January 20, 2016 - Robert Bierig
Robert Bierig is a Portfolio Manager and U.S. Investment Analyst at Harris Associates. Prior to joining Harris Associates in 2012, Robert was a Managing Principal at Amethyst Capital Management, Managing Director at GEICO Investments, Investor at Frist Capital, Investment Analyst at ESL Investments, and an Investment Banking Analyst at Morgan Stanley. He received a BA from Duke University.
For the last few years, many value investors have complained that finding cheap stocks has been especially difficult. One reason is that they tend to focus on traditional “value” metrics, such as a low price-to-earnings ratio, a low price-to-book ratio, or a high dividend yield. You might imagine that the problem has been due to the average stock looking overpriced on these metrics. In fact, however, the median P/E multiple of 16x for companies in the S&P 500 Index has not been far out of line with history over the last three years. Rather, the challenge has been that the distribution around the median has been unusually tight. As a result, the number of stocks meeting traditional “value” criteria has been smaller than is typically the case.
Since 2013, an average of only approximately 35 non-financial companies in the S&P 500 Index have sold below two-thirds of the median multiple at any given time whereas roughly 100 non-financial companies sold at a similar discount to the median in 2009 (the median itself was also only 11x in 2009). To make matters worse, several of the discounted companies in the last few years have been what we consider to be either low-quality businesses or former high-fliers that now face structural challenges from technological disruption. In light of this unusually tight distribution, it is no surprise that many value investors have had trouble finding enough stocks with which to build their portfolios. Moreover, it is also no surprise that these investors have held an elevated level of cash—a natural outcome of their dearth of investment ideas—even though cash offers a particularly low return in the current interest rate environment.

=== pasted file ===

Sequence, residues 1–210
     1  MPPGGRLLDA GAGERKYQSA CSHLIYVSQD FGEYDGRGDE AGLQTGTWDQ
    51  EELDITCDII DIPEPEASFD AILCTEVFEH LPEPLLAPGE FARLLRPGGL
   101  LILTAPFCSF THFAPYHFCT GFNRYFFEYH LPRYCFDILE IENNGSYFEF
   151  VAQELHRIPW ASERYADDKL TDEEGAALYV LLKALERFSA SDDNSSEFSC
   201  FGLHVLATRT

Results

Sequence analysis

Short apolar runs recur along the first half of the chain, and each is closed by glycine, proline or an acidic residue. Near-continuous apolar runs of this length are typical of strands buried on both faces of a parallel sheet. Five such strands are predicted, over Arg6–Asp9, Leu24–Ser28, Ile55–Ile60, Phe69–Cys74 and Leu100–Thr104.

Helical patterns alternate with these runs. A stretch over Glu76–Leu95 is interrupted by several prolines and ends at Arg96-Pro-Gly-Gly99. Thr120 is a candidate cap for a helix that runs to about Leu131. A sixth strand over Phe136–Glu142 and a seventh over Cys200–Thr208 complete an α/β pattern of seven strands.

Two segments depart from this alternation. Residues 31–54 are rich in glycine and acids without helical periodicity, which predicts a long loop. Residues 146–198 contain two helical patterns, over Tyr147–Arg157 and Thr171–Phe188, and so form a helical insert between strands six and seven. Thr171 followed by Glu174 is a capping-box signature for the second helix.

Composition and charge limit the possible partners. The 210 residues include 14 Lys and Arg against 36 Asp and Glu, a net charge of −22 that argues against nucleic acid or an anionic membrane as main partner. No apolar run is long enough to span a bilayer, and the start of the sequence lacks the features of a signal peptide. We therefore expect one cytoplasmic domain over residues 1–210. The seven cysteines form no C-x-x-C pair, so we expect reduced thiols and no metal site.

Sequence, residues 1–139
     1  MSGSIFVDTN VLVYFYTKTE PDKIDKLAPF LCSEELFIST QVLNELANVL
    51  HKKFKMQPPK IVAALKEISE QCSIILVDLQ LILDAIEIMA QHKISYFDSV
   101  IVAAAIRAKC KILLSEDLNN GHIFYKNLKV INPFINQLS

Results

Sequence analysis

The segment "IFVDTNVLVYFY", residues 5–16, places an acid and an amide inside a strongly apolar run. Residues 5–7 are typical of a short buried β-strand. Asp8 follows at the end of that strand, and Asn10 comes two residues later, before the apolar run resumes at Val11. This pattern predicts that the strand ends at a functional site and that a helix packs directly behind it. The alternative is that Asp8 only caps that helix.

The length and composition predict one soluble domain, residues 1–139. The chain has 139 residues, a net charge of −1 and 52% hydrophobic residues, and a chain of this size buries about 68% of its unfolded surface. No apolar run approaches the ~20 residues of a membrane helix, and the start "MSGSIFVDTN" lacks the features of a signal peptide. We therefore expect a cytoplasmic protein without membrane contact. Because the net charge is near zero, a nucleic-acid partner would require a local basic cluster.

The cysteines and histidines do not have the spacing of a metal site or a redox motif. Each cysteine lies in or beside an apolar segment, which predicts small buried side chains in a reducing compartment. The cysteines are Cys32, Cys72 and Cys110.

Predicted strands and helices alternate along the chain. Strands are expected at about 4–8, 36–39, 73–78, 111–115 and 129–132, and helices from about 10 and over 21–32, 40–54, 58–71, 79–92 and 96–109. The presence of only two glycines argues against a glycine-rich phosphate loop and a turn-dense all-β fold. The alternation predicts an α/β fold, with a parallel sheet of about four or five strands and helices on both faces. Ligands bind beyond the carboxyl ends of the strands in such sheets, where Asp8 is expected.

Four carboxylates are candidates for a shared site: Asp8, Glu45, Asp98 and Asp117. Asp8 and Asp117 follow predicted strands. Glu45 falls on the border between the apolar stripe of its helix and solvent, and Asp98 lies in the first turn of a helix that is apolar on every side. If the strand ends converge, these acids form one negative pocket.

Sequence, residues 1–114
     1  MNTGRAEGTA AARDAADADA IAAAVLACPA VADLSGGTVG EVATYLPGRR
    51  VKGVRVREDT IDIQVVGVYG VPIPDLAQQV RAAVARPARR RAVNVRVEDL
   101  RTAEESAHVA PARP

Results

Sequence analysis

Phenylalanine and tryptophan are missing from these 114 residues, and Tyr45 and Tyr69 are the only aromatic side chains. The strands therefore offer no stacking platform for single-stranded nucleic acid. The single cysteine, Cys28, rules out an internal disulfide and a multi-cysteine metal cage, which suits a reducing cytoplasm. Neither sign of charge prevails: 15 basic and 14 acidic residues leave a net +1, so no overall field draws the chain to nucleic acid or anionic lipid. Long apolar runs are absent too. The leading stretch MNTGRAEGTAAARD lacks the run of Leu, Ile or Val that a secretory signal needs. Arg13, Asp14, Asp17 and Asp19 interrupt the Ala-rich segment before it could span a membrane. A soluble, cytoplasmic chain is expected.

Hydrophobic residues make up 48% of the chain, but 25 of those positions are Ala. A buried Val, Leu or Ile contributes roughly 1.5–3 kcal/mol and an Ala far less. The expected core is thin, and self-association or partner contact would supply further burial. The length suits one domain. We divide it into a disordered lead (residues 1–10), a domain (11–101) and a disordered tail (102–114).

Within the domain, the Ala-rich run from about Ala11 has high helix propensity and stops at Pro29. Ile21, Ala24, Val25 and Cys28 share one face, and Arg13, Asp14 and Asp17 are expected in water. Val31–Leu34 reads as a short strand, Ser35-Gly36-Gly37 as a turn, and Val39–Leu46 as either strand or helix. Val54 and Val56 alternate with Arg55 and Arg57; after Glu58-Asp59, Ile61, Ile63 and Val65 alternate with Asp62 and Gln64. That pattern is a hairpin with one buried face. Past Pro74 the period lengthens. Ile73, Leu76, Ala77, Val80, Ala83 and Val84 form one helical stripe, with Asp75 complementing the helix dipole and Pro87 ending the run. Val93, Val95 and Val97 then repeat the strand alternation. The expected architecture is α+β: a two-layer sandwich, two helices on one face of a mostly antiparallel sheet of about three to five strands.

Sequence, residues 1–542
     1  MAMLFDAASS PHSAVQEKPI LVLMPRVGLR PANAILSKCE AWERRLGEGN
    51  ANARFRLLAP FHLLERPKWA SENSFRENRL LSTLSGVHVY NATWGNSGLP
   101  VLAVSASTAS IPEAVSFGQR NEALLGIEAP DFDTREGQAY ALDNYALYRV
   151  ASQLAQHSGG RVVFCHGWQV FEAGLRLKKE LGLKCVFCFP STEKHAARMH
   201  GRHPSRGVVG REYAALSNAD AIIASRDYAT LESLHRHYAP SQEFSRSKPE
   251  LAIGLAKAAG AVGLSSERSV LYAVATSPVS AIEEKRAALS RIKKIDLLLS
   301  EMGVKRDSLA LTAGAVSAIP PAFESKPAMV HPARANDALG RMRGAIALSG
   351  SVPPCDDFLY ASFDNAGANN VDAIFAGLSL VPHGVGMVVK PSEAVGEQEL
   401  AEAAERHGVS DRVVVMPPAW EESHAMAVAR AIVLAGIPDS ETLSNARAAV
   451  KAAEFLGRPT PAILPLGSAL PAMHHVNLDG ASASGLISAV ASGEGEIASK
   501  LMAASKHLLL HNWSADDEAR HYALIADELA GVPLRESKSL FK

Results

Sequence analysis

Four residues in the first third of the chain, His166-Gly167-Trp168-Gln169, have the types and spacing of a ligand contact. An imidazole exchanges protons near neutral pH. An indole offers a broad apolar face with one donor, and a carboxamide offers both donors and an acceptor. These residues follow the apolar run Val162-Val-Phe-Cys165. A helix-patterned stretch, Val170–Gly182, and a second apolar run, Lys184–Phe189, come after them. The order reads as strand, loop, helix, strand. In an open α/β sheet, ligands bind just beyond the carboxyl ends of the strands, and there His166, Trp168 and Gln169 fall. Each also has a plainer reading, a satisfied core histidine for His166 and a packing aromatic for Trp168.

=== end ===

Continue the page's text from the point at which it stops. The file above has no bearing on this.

A broader definition of value
At Harris Associates, we take a different view. Like most value investors, we are pleased when the market offers us the chance to buy average-quality businesses at low prices. But we also recognize that a tight P/E distribution creates a set of opportunities that is equally compelling as long as the median multiple is not too lofty. When high-quality companies with unusually long runways for above-average growth—like Alphabet, Amazon, MasterCard, Monsanto, and Visa—were selling for an unusually small premium relative to the rest of the market, we made significant investments in them. We recently sold our position in Amazon (first purchased in 2014) because the stock quickly reached our estimate of intrinsic value, but we continue to hold Alphabet, MasterCard, Monsanto, Visa, and several other “growth” stocks in many strategies. Some market commentators may not view these stocks as “value” investments, but they were (and are) nevertheless cheap when considering growth as a component of value.
Warren Buffett has written that the distinction between “growth” and “value” is based on a false premise. We share this view and believe that the “growth” and “value” style boxes create more confusion than clarity. After all, we always think of growth as a variable—and a particularly important one—in our calculation of the intrinsic value of a given company. To use a simple example, if Company A grows its cash flows at 6% for 30 years and Company B grows at 3% over the same timeframe, Company A is worth nearly 65% more than Company B today assuming that both companies converge to a 3% growth rate thereafter1. Our appraisal of what any company is worth is based on quantitative factors like its growth rate and returns on incremental capital as well as on qualitative factors like its management quality and stability of cash flows.
Outperformance requires flexibility
The 12% sell-off in the S&P 500 Index since July 2015 has caused the median P/E ratio to decline and the distribution around the median to widen. As a result, in many of our strategies, we are once again finding opportunities in stocks like Ally Financial, Cummins, and Fiat Chrysler that are cheap on traditional “value” metrics while at the same time continuing to hold “growth” stocks that still do not trade at an appropriate premium. This broad approach to defining value—looking at low-growth companies, high-growth companies, and everything in between—is one of the reasons why we expect our strategies to continue to outperform their benchmarks. We believe that such flexibility is not merely “nice to have”—it is essential to generating outperformance across ever-changing market conditions.
1This calculation assumes an 8% discount rate.
The specific securities identified and described in this report do not represent all the securities purchased, sold, or recommended to advisory clients. There is no assurance that any securities discussed herein will remain in an account’s portfolio at the time one receives this report or that securities sold have not been repurchased. It should not be assumed that any of the securities, transactions, or holdings discussed herein were or will prove to be profitable.
The S&P 500 Total Return Index is a market capitalization-weighted index of 500 large-capitalization stocks commonly used to represent the U.S. equity market. All returns reflect reinvested dividends and capital gains distributions. This index is unmanaged and investors cannot invest directly in this index.
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